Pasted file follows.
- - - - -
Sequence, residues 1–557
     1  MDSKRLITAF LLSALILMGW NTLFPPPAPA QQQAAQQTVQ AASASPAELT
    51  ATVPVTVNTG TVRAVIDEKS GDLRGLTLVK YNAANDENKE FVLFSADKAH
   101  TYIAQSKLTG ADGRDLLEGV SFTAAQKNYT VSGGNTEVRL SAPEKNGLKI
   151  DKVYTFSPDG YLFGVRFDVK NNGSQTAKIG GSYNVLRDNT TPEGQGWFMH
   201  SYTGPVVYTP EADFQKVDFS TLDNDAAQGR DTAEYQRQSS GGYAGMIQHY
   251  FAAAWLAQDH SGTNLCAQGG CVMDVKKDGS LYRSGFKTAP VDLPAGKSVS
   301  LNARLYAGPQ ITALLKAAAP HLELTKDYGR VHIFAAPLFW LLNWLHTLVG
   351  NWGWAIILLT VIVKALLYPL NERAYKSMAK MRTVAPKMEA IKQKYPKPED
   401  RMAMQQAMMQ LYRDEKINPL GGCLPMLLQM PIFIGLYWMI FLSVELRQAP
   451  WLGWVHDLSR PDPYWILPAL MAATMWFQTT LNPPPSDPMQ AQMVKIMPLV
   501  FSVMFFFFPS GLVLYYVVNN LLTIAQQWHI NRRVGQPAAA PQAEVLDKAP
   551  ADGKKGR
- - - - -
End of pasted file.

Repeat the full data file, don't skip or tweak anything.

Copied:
Sequence, residues 1–557
     1  MDSKRLITAF LLSALILMGW NTLFPPPAPA QQQAAQQTVQ AASASPAELT
    51  ATVPVTVNTG TVRAVIDEKS GDLRGLTLVK YNAANDENKE FVLFSADKAH
   101  TYIAQSKLTG ADGRDLLEGV SFTAAQKNYT VSGGNTEVRL SAPEKNGLKI
   151  DKVYTFSPDG YLFGVRFDVK NNGSQTAKIG GSYNVLRDNT TPEGQGWFMH
   201  SYTGPVVYTP EADFQKVDFS TLDNDAAQGR DTAEYQRQSS GGYAGMIQHY
   251  FAAAWLAQDH SGTNLCAQGG CVMDVKKDGS LYRSGFKTAP VDLPAGKSVS
   301  LNARLYAGPQ ITALLKAAAP HLELTKDYGR VHIFAAPLFW LLNWLHTLVG
   351  NWGWAIILLT VIVKALLYPL NERAYKSMAK MRTVAPKMEA IKQKYPKPED
   401  RMAMQQAMMQ LYRDEKINPL GGCLPMLLQM PIFIGLYWMI FLSVELRQAP
   451  WLGWVHDLSR PDPYWILPAL MAATMWFQTT LNPPPSDPMQ AQMVKIMPLV
   501  FSVMFFFFPS GLVLYYVVNN LLTIAQQWHI NRRVGQPAAA PQAEVLDKAP
   551  ADGKKGR